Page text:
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City wants residents' input on proposed liquor law changes

City wants residents' input on proposed liquor law changes

Estimated read time: 2-3 minutes

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SALT LAKE CITY -- Salt Lake City wants to plan public forums about potential changes to their liquor ordinances. But before they can plan these meetings, they need your input.

Since the state made changes to their liquor laws, Salt Lake's liquor ordinances don't match up as well with state laws like they used to.

"In our downtown area, we have a rather old and arcane requirement that you can't have more than two liquor serving establishments per block, and we have very big blocks here," said Salt Lake City Mayor Ralph Becker.

The mayor said they were also trying to "clean up" things, like updating licensing procedures and getting rid of outdated maps.

"Because it's such a big package of changes coming through, we're having some public comment that will go through the 25th [of September]," Becker said.

He said people can comment on the items under consideration on the city's website.

The potential changes include allowing more bars per city block and possibly rezoning where bars could go.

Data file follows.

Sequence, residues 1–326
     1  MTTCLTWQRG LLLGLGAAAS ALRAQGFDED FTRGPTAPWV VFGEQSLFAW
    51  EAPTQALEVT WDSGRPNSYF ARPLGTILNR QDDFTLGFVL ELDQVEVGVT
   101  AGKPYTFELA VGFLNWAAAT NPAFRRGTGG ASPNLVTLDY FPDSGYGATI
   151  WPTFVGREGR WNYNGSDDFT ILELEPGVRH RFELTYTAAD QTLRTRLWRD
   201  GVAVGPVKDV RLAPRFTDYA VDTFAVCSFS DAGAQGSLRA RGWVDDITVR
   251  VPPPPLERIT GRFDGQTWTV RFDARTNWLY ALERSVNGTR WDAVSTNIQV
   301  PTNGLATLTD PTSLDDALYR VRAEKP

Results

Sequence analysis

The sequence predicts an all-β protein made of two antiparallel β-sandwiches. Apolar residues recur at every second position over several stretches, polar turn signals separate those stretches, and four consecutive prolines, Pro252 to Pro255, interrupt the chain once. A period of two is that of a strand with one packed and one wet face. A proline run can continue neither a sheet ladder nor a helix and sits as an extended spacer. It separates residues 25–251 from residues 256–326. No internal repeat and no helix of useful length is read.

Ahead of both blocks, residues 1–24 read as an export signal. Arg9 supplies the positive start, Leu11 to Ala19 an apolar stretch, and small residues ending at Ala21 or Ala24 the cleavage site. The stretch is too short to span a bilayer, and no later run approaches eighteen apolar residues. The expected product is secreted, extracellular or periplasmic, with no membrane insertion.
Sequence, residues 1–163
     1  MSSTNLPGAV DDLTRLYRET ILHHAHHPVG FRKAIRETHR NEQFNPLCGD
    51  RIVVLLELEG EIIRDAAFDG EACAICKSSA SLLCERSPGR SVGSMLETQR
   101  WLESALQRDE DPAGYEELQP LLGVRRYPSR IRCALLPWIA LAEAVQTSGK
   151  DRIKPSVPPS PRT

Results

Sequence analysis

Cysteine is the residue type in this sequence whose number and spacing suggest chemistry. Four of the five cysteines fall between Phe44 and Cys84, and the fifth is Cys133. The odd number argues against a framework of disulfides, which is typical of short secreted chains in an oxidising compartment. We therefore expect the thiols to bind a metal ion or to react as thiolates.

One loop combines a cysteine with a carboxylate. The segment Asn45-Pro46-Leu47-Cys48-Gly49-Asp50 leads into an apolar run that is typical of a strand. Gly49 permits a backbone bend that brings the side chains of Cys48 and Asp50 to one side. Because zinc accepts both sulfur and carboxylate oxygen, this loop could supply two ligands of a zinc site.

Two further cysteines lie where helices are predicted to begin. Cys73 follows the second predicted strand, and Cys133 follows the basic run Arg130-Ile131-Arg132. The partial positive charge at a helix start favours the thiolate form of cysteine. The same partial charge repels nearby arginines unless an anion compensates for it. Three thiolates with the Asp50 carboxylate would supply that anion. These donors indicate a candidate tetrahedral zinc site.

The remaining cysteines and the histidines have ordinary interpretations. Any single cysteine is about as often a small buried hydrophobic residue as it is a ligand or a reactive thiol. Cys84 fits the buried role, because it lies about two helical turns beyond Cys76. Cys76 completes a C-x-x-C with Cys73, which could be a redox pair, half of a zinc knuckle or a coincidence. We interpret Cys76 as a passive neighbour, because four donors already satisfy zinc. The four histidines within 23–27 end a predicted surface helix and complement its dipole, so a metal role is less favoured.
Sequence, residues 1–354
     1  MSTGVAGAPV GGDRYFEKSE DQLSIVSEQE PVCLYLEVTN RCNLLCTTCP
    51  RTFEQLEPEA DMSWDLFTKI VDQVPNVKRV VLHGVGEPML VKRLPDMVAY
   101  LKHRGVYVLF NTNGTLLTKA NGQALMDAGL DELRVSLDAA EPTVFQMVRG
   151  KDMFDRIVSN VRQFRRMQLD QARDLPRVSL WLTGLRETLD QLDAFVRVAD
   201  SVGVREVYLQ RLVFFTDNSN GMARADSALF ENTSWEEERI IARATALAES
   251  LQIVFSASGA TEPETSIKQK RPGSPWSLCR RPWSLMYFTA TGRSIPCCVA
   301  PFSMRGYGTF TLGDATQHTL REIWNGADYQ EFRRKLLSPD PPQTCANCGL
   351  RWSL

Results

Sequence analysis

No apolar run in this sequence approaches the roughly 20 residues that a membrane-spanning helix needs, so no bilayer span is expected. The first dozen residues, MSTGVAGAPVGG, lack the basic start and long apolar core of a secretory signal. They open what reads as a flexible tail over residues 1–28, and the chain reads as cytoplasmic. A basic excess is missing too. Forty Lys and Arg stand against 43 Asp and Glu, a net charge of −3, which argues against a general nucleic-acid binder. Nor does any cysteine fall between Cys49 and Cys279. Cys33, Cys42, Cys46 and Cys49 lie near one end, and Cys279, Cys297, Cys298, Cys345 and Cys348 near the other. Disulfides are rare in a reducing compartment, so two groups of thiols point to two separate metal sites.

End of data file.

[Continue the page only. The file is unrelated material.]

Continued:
Some of the strongest concerns from citizens about any changes in liquor ordinances deal with the potential impact on commercial areas near residential zones, like Ninth and Ninth. If the changes are accepted, bars near neighborhoods could operate differently than bars near downtown.

"If somebody wants to apply for [starting] a drinking establishment, or an establishment that serves liquor, [he] will have to go through a more rigorous review and there will be conditions placed on their operations," Becker said.

Overall, the mayor said he was getting a lot of feedback.

"We've been getting quite a bit of comment, and it has been strongly supportive of the changes that we're considering," Becker said.

After the public comment period is over on the city's website, city officials will hold six different forums in different parts of Salt Lake City. As for where and when, that will be determined by the amount of comments the city receives online. The forums will be open to all Salt Lake City residents.


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Paul Nelson


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